Three award-winning women from SEE

Three female researchers from the School of Earth and Environment have won 2016 Geological Society Awards.

l-r: Dr Tracy Aze, Dr Anja Schmidt, and Professor Liane Benning


Dr Tracy Aze has won the Lyell Fund Award;  Dr Anja Schmidt has won the William Smith Fund Award, and Professor Liane Benning has been awarded the Bigsby Medal.

Tracy is a Lecturer in Marine Micropaleontology in the Earth Surface Science Institute.  Her research is at the interface of palaeobiology and palaeoclimatology. Using the marine plankton fossil record she investigates evolutionary trends, the interactions between species and the response of organisms to environmental change. Her current research is focused upon determining the factors that influence extinction risk during the Cenozoic (65 million years to the present day) to determine whether there are species or ecosystems that are more vulnerable to extinction in the face of rapid environmental change.

Anja is an Academic Research Fellow in the Institute for Climate and Atmospheric Science since February 2013. She combines expertise in atmospheric science and volcanology to advance the current understanding of volcanic impacts and hazards. In particular, she investigates the impact of volcanism on atmospheric chemistry, climate, air quality, human health, ecosystems and aviation using a wide range of atmospheric models and volcanological datasets. She also applies atmospheric chemistry and aerosol modelling skills to non-volcanic topics in atmospheric and climate sciences.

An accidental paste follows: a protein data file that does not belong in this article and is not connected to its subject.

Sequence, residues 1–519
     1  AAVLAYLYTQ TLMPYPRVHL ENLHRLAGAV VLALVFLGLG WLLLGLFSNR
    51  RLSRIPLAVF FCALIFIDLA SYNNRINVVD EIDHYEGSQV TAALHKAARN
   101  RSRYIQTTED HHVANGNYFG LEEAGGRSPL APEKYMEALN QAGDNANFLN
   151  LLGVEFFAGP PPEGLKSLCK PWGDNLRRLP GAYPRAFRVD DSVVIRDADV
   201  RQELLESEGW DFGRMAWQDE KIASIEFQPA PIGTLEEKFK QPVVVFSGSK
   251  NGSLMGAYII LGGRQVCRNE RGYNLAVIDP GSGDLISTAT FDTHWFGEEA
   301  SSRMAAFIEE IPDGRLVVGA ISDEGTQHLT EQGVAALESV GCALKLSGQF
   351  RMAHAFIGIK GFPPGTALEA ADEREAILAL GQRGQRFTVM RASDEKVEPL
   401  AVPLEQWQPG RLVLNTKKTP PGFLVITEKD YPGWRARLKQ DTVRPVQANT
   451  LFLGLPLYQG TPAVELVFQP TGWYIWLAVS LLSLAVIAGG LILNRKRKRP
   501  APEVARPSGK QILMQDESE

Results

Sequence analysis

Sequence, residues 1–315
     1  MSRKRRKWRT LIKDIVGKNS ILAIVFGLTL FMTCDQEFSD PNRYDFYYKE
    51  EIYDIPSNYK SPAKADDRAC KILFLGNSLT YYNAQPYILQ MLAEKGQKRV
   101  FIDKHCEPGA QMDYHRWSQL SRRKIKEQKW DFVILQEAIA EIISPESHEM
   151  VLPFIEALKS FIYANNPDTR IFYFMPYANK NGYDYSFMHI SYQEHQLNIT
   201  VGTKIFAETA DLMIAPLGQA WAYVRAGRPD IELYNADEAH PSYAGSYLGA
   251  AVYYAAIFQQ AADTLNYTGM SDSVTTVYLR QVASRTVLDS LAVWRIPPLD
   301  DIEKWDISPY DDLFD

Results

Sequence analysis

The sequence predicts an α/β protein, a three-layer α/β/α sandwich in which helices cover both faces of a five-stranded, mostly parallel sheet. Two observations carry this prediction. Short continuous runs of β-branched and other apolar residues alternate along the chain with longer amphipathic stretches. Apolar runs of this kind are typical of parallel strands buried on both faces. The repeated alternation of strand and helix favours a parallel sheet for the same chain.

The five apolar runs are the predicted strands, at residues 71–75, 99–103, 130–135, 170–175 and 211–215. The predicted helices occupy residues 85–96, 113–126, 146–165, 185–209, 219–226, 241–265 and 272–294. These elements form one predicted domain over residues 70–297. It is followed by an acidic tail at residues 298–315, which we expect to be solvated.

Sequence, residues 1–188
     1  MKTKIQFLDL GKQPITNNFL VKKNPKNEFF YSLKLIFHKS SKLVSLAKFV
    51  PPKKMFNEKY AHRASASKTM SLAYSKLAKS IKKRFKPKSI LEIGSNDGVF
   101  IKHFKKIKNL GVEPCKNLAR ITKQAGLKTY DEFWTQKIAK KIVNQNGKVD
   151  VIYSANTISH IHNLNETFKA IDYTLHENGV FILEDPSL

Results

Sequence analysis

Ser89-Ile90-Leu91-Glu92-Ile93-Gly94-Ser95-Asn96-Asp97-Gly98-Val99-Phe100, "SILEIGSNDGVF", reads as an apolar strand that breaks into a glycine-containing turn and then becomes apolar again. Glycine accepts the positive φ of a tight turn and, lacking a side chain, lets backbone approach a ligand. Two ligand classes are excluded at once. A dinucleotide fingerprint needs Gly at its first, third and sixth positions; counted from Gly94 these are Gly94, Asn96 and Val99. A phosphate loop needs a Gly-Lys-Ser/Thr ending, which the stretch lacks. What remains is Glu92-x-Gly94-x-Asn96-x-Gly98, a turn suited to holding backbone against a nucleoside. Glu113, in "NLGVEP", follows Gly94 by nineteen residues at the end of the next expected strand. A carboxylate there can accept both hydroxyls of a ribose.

Liane co-located at GFZ, German Research Centre for Geosciences, Potsdam, Germany and in the Earth Surface Science Institute, is a Professor of Experimental Biogeochemistry.  Her research addresses geochemical reaction mechanisms at low to hydrothermal temperatures in inorganic and biologic systems.  Her Research team are applying a variety of laboratory and some field approaches to study biogeochemical processes (e.g., nucleation, growth and crystallization kinetics of minerals, fungal weathering, biomineralization, life in extreme geothermal and cryogenic areas, etc).

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